Dear Friends & Neighbors,
Yesterday I read the first of a three piece story that is being presented by the Houston Chronicle about criminal aliens within the Houston Area that are not being processed and deported by ICE. The fact is this problem has been in existence not only in the Houston area but the United States for the past 20 years.
The article quoted Congressman Ted Poe (R)L
”Criminals from foreign countries who get caught after committing a crime and prosecuted should go to the top of the list of people we deport.”
However if congressman Poe had checked with the Director of Homeland Security he may have discovered that this policy has been the backbone of the deportation program for the last 30 years, even before the creation of the Bureau of Immigration and Customs Enforcement (ICE).
What Congressman Poe fails to mention is that he voted to deny funding for an increase in detention and deportation funding to help ICE combat this problem.
The current situation is complex but I will try to explain it in a manner that we can all understand.
First, when an individual is processed in the city or county jail, the minute that it is discovered that he is undocumented the circumstances of the case change.
Case in point, the DAs office in the past has taken the practice of dropping criminal charges if an ICE detainer is filed with the Sheriffs office. Their reasoning is that these undocumented individuals are the responsibility of the federal government (the United Stated Attorney).
The U.S Attorneys office has the history of taking the position that undocumented individuals with no criminal convictions are not subject to federal prosecution due to the limited resources that are available to their office.
Now this undocumented individual who was initially changed with a possible felony is referred to ICE as an undocumented alien. Without a criminal conviction the individual is eligible for an immigration bond under the current federal regulations. If however they had been convicted for an Aggravated Felony, they would be subject to mandatory detention under federal regulation.
This pratice is occuring everyday throught the United States and was a key issue at the begining of the Presidential election. Today several states are attempting to address the problem.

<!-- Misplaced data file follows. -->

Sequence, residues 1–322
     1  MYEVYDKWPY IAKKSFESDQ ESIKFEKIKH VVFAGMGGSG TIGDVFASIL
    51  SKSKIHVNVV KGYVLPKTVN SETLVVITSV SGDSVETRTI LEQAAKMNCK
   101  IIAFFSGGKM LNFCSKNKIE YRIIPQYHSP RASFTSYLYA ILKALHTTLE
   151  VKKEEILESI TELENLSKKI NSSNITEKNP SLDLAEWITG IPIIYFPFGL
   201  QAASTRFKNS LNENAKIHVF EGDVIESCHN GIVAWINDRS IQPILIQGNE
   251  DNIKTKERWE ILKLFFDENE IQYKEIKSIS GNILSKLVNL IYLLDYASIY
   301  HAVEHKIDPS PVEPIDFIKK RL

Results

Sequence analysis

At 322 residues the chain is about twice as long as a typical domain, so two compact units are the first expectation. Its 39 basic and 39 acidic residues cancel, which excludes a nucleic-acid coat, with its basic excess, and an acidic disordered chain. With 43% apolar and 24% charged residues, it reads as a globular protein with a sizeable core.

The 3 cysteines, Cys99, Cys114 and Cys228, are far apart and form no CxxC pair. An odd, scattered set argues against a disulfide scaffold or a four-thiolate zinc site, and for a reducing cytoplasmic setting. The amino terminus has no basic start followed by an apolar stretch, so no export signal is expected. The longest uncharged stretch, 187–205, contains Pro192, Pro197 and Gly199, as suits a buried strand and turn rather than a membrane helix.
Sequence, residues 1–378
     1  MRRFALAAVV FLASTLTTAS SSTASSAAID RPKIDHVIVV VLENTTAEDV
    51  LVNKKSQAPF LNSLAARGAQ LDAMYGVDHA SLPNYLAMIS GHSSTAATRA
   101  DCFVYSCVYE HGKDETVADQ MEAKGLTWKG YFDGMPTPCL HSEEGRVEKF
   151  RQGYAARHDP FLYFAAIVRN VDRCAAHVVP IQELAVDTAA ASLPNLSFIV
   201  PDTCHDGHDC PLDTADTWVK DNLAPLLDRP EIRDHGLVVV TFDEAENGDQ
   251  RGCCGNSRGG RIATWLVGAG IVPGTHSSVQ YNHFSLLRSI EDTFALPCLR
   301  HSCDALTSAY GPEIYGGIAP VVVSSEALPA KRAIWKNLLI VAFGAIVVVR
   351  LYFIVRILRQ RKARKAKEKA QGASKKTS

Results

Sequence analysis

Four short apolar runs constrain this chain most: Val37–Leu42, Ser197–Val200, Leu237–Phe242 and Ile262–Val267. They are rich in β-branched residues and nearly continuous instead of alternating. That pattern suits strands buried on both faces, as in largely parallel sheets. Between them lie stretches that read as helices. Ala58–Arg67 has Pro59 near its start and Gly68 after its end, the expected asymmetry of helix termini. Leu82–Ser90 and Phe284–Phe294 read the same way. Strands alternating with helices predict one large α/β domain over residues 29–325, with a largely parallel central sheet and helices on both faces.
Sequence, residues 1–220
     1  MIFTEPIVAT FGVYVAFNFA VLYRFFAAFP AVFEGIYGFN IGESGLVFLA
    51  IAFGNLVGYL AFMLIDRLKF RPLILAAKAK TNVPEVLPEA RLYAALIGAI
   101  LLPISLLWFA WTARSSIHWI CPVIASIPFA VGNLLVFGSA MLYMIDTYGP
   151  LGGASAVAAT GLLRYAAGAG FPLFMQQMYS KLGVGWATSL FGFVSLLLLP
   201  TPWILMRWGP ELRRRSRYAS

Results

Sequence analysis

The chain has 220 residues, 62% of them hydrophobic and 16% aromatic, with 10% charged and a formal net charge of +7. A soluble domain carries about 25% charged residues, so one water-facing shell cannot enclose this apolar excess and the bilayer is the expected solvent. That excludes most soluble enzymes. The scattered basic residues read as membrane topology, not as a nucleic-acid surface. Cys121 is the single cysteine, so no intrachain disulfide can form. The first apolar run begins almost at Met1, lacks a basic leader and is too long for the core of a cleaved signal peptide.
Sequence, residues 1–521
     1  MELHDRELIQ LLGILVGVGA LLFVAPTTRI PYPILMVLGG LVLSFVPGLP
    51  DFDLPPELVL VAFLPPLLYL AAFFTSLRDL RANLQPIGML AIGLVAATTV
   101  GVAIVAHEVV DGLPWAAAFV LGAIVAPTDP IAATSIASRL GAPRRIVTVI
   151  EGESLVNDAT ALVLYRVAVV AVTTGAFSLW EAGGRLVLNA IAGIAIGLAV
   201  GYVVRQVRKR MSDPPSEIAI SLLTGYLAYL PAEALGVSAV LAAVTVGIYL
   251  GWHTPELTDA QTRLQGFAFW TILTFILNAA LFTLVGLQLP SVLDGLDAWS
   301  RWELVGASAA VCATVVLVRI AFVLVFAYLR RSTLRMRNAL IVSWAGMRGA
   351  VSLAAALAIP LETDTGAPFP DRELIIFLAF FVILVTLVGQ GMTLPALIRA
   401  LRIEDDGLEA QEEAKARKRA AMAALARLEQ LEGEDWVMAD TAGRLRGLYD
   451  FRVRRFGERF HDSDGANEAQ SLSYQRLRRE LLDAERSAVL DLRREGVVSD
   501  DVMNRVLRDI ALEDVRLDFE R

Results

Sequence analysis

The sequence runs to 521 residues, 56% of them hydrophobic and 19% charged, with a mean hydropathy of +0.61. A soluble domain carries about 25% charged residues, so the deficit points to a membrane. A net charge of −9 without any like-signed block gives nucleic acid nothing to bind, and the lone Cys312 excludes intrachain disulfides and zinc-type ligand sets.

As a retired ICE agent I am familiar with this complex problem. The fact is the Chronicle failed to mention that with the limited funding provided to the Houston ICE office they are responsible not only for Harris County but is also 35 other counties southeast Texas counties.
Now the Chronicle explains that the Harris County Sheriff has trained 8 deputies to interview allege undocumented individuals leading their readers to believe that this will solve the issue. (Believe me it won’t) This is a pilot program and several question need to be answered.
To what extent do these officer’s authority extends?
Do these officers have the authority to file federal detailers?
Is ICE obligated to detain and deport all individuals identified by these officers?
Do these officers have the authority to execute deportation orders?
What liabilities dose Harris County face if these officers make a mistake?
As per the Houston Chronicle, Sheriff-elect Adrian Garcia has stated that he will reevaluate the program when he assumes the office in January and I wish him every success in dealing with this complex issue.
But I also warn my readers that it is unfair to hold any newly elected Sheriff or the Harris County Sheriffs office accountable for issues that have been ignored in the past by the DAs office and the US Attorneys office.
As always I welcome you thought and comments.
Joe A. Montemayor
Strange Things Are Afoot at the Lege
1 year ago